"So, you came here to talk to me? Or to see Kyle?"

"To see Kyle," she mumbled.

He chuckled softly. "I'd like to be insulted, but I guess I can understand that. An hour later you would've missed him. He's going out."

"I figured as much. It's Saturday night."

"With a girl."

"Really?" she asked.

"Yes," Christopher said.

"Who is she?"

"Someone who went to school with him at U of M."

"She lives here?"

"She lives out in Skokie."

"Have you met her?"

"No, he hasn't asked me to and I'm not going to do that when to this point it seems pretty casual."

"I was just wondering."

"I know. Go say hi to him before he leaves."

"Thanks," she said, setting the snifter of brandy down. She hadn't taken more than a couple of sips out of it. "Say, Chris?" she asked from his doorway.


"Any chance I could use your guest room tonight?"

"Uh, yeah, I suppose. Why?"

"I don't want to go home."


"There's a good chance he'll be there waiting for me."

"There is. I can't blame him really. Can you?"

"No," she said softly.

"What about the dogs?"

"I can call Bryce…"

"Are you sure you want to do that?"

"I don't really have much choice."

"That would be an interesting meeting."

"Wouldn't it?" she said with a soft laugh. "I'll call him in a bit. He'd do it."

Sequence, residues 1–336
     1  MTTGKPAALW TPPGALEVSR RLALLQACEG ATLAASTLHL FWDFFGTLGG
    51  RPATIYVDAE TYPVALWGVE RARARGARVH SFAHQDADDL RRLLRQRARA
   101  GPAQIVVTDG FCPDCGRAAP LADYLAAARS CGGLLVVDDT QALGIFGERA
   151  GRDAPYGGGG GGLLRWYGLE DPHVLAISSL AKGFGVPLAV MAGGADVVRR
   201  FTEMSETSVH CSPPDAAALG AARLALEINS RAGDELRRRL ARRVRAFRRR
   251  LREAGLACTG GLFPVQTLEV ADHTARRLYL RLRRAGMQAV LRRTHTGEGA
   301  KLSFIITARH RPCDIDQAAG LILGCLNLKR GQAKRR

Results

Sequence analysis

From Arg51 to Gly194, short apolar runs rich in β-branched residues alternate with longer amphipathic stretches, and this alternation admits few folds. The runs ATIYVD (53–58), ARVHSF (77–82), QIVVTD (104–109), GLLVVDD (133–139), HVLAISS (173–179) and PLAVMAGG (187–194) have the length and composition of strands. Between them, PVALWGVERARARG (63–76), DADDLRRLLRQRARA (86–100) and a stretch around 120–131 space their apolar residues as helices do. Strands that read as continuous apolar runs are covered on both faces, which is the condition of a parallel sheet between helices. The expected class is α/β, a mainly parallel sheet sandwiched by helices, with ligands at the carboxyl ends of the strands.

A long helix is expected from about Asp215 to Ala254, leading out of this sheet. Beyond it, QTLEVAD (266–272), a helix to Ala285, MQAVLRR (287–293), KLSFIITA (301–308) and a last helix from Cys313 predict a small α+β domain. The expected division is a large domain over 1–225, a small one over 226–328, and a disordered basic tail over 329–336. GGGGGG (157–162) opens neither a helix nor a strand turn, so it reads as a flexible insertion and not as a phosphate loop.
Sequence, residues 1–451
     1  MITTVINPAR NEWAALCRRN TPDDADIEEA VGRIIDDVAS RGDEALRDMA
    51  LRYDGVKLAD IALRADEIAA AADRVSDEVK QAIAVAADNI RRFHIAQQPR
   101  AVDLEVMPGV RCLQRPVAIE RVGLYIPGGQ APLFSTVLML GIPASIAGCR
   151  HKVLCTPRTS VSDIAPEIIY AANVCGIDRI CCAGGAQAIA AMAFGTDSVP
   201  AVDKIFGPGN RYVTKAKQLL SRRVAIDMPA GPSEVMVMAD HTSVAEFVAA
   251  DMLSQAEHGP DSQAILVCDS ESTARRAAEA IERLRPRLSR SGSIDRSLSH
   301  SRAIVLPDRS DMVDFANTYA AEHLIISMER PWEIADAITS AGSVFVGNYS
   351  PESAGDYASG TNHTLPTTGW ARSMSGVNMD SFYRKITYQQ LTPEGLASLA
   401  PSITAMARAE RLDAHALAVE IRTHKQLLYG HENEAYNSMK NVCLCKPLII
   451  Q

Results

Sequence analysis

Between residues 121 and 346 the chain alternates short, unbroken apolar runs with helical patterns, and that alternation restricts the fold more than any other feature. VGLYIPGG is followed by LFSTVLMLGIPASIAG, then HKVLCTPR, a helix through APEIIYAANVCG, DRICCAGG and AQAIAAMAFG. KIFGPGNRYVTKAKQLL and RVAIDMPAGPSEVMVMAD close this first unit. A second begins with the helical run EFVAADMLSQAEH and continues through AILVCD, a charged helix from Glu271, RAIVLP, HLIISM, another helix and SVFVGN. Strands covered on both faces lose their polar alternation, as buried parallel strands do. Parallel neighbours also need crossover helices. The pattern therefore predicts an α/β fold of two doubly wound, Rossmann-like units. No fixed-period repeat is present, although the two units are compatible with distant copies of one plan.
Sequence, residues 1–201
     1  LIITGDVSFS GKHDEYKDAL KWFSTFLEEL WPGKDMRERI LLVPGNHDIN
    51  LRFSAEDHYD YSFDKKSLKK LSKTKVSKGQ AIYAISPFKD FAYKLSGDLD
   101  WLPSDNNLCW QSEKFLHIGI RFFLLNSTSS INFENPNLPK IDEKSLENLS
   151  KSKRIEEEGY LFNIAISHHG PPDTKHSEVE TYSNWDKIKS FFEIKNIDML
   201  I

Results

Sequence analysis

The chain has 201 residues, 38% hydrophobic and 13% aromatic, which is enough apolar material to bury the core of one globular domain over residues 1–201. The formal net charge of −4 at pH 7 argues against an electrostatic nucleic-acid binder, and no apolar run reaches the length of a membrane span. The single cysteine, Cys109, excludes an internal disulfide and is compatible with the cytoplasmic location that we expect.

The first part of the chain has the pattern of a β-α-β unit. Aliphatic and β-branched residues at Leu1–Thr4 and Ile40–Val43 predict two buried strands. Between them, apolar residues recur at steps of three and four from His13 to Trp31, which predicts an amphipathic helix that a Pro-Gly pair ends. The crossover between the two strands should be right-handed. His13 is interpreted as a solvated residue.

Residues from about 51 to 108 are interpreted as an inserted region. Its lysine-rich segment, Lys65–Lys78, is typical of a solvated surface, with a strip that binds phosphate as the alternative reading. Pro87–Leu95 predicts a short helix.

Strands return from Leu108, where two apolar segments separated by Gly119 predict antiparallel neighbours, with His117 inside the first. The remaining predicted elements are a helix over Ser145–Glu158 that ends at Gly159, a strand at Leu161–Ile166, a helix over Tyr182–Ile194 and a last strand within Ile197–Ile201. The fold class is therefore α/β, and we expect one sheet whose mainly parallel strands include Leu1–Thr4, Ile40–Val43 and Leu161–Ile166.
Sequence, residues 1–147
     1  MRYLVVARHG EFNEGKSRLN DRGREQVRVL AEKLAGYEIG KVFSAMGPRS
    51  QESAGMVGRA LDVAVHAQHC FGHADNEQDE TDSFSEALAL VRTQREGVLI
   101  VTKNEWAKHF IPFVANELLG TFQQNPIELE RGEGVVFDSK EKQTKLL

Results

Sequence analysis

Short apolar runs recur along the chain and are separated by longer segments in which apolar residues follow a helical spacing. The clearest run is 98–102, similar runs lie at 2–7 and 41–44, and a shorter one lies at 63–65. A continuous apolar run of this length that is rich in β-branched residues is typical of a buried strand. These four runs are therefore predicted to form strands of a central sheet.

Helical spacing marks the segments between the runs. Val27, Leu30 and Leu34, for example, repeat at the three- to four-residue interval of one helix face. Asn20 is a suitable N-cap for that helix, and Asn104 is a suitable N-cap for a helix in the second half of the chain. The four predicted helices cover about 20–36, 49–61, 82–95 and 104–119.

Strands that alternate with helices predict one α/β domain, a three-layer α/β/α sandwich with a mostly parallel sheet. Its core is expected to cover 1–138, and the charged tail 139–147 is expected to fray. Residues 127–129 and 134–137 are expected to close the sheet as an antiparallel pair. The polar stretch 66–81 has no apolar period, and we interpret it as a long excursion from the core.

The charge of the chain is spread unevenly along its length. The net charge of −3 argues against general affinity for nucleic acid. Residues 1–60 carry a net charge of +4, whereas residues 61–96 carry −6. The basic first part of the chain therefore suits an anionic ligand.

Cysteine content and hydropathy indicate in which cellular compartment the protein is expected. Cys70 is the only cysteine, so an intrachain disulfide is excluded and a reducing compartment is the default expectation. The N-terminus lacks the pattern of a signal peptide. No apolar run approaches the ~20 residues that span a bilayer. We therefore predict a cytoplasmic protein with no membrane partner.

"If he can't, let me know. I'll do it. I'd suggest Kyle could on his way to and from his date, but that may not be a good idea."

"Uh, no," she said.

"I'm not sure avoiding him is the right answer. That's sort of how you got where you are today."

"I realize that. I know I can't avoid him forever. I just don't want to talk to him tonight."

"Afraid you'll have sex with him again?"

"No, somehow I doubt that's even in play ever again."

"It'll be all right, Claire."

"I know. I just hadn't meant to tell him. Not really. I just assumed he'd take that I said I can't get involved with him right now seriously. I didn't think he'd push."

"He likes you. I'm not sure I'd stay away either if it was me."

Of course he would never be in this situation. He was married to the girl he went to senior prom with and had known most of his life. He'd dated girls before her, which had been Claire's mistake in hindsight. She hadn't wanted to get married so never saw the point in dating. She knew it had surprised the hell out of Christopher when she told him Bryce had proposed to her.


She made her way upstairs, saying hi to her niece and nephew who were getting ready to go to a movie with some friends. Not the same movie, though, it seemed. What did it say that her not even teenaged niece and nephew had plans on Saturday night and she had nothing really to look forward to but two dogs and a cat at her house?

"Hey, Aunt Claire," Kyle said when he opened his door.

"Wow you look nice," she said.


"Your dad says you have a date."

He blushed a bit at that. "Yeah, kind of. I mean, not really, just someone I know from school. We got along I guess."

"Well, I bet she'll think you look nice, too."